Generic Name: mepolizumab (MEP oh LIZ ue mab)
Brand Name: Nucala
Medically reviewed: December 27, 2017
What is mepolizumab?
Mepolizumab is a monoclonal antibody that affects the actions of the body's immune system. Mepolizumab works by reducing levels of a certain type of white blood cell that may contribute to certain disorders.
Mepolizumab is used together with other medicines to help control severe asthma in adults and children who are at least 12 years old.
Mepolizumab is also used in adults to help control symptoms and reduce flares of a rare autoimmune disorder called eosinophilic granulomatosis with polyangiitis (EPGA).
Mepolizumab may also be used for purposes not listed in this medication guide.
Follow all directions on your medicine label and package. Tell each of your healthcare providers about all your medical conditions, allergies, and all medicines you use.
Before taking this medicine
You should not use mepolizumab if you are allergic to it.
To make sure mepolizumab is safe for you, tell your doctor if:
you also use steroid asthma medication;
you have a history of parasite infection (such as roundworms or tapeworms);
you have never had chickenpox or received a chickenpox (varicella) vaccine.
You may be given a zoster vaccine before you start using mepolizumab.
It is not known whether this medicine will harm an unborn baby. Tell your doctor if you are pregnant or plan to become pregnant.
If you are pregnant, your name may be listed on a pregnancy registry. This is to track the outcome of the pregnancy and to evaluate any effects of mepolizumab on the baby.
It is not known whether mepolizumab passes into breast milk or if it could harm a nursing baby. Tell your doctor if you are breast-feeding a baby.
Mepolizumab is not approved for use by anyone younger than 12 years old. Mepolizumab should not be used to treat EPGA in anyone younger than 18 years old.
How is mepolizumab given?
Before you start treatment with mepolizumab, your doctor may perform tests to measure your levels of a certain type of white blood cell (eosinophils).
Follow all directions on your prescription label. Do not use this medicine in larger or smaller amounts or for longer than recommended.
Mepolizumab is injected under the skin once every 4 weeks. You may be shown how to use injections at home. Do not give yourself this medicine if you do not understand how to use the injection and properly dispose of used needles and syringes.
Mepolizumab is not a rescue medicine. It will not work fast enough to treat an asthma attack. Use only a fast acting inhalation medicine for an asthma attack. Tell your doctor if it seems like your asthma medications don't work as well.
If you also use a steroid medication, do not stop using it suddenly or you may have unpleasant withdrawal symptoms. Talk with your doctor about tapering your steroid dose before stopping completely.
Mepolizumab is a powder medicine that must be mixed with a liquid (diluent) before using it. If you are using the injections at home, be sure you understand how to properly mix and store the medicine.
Gently swirl but do not shake the mixed medicine. Prepare your dose only when you are ready to give an injection. Do not use if the medicine has changed colors or has particles in it. Call your pharmacist for new medicine.
Each single-use vial (bottle) of this medicine is for one use only. Throw away after one use, even if there is still some medicine left in it after injecting your dose.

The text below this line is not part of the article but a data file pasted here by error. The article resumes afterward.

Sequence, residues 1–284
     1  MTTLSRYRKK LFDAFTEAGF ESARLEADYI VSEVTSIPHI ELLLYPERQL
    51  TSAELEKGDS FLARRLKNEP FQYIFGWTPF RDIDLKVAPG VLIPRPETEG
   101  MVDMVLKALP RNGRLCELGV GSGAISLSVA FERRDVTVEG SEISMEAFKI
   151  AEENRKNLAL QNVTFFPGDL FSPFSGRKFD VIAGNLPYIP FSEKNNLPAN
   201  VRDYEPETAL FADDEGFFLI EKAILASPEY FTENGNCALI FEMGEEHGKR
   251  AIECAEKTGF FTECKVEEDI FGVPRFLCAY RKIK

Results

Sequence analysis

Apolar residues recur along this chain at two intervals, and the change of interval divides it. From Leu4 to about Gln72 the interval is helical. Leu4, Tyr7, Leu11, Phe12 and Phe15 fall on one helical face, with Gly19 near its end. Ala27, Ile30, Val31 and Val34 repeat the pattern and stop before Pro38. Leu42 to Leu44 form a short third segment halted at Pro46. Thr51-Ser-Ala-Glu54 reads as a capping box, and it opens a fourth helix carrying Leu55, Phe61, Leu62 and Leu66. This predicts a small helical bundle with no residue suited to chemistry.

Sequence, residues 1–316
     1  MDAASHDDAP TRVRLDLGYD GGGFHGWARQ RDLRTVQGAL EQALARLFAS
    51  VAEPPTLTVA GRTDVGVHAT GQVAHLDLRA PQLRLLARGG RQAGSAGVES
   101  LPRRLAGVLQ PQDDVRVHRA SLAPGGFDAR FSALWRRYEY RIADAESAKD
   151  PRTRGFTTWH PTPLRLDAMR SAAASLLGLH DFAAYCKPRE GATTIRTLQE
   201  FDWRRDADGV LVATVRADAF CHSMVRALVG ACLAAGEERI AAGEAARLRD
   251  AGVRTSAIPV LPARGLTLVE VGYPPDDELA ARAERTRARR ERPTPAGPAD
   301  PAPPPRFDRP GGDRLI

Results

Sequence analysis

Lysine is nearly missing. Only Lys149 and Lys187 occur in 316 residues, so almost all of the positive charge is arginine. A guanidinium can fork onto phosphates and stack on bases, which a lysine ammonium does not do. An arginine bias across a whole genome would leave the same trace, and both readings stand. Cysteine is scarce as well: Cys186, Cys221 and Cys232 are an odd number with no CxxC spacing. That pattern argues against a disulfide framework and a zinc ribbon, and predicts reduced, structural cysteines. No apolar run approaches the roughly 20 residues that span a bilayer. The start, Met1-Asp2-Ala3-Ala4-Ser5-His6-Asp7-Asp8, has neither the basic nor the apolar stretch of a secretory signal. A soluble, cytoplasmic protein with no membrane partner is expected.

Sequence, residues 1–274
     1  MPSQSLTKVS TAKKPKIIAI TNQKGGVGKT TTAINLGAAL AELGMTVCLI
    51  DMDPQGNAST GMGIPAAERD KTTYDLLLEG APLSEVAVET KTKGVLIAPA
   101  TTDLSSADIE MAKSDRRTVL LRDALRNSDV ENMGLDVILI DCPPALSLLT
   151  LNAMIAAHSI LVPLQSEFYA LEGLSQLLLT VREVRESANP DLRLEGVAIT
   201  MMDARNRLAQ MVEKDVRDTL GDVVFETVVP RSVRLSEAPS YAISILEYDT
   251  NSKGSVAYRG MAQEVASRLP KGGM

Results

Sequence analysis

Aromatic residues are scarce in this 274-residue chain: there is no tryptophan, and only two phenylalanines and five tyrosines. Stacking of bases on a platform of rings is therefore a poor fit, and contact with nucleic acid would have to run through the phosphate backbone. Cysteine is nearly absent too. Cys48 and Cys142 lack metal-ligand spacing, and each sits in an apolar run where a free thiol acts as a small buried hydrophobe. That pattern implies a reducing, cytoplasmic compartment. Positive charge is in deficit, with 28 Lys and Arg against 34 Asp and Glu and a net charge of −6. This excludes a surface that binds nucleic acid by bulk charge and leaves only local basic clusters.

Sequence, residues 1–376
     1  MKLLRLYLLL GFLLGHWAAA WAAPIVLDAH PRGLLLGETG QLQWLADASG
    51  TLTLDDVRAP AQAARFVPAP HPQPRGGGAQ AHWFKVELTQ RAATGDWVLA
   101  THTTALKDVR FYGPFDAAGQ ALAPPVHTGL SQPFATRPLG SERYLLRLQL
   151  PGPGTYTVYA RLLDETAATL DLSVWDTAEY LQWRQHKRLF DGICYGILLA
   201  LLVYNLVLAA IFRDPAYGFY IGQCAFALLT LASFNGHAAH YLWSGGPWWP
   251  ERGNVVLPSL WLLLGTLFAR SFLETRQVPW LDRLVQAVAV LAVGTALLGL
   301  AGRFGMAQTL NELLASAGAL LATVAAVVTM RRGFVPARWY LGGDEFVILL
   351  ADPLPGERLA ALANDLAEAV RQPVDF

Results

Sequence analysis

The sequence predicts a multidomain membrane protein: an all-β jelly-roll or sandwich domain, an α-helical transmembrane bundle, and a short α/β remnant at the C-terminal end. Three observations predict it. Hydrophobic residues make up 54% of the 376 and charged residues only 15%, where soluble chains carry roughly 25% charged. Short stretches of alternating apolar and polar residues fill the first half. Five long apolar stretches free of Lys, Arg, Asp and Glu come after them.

Use a disposable needle and syringe only once. Follow any state or local laws about throwing away used needles and syringes. Use a puncture-proof "sharps" disposal container (ask your pharmacist where to get one and how to throw it away). Keep this container out of the reach of children and pets.
Store unmixed mepolizumab at room temperature away from moisture, heat, and light.
After mixing this medicine, store it at room temperature and use within 8 hours. Do not freeze.
What happens if I miss a dose?
Call your doctor for instructions if you miss a dose of mepolizumab.
What happens if I overdose?
Seek emergency medical attention or call the Poison Help line at 1-800-222-1222.
What should I avoid while using mepolizumab?
Follow your doctor's instructions about any restrictions on food, beverages, or activity.
Mepolizumab side effects
Get emergency medical help if you have signs of an allergic reaction: hives, rash; wheezing, chest tightness, difficult breathing; feeling like you might pass out; swelling of your face, lips, tongue, or throat.
Call your doctor at once if you have:
unusual pain or tiredness;
burning or tingling anywhere in your body; or
a red or blistering skin rash.
Common side effects may include:
feeling weak or tired;
back pain; or
pain, swelling, redness, burning, or itching where the medicine was injected.
This is not a complete list of side effects and others may occur. Call your doctor for medical advice about side effects. You may report side effects to FDA at 1-800-FDA-1088.
See also: Side effects (in more detail)
What other drugs will affect mepolizumab?
Other drugs may interact with mepolizumab, including prescription and over-the-counter medicines, vitamins, and herbal products. Tell your doctor about all your current medicines and any medicine you start or stop using.
Remember, keep this and all other medicines out of the reach of children, never share your medicines with others, and use this medication only for the indication prescribed.
Always consult your healthcare provider to ensure the information displayed on this page applies to your personal circumstances.
Copyright 1996-2018 Cerner Multum, Inc. Version: 3.01.
More about Nucala (mepolizumab)
- Side Effects
- During Pregnancy
- Dosage Information
- Support Group
- Pricing & Coupons
- En Español
- 9 Reviews – Add your own review/rating
- Drug class: interleukin inhibitors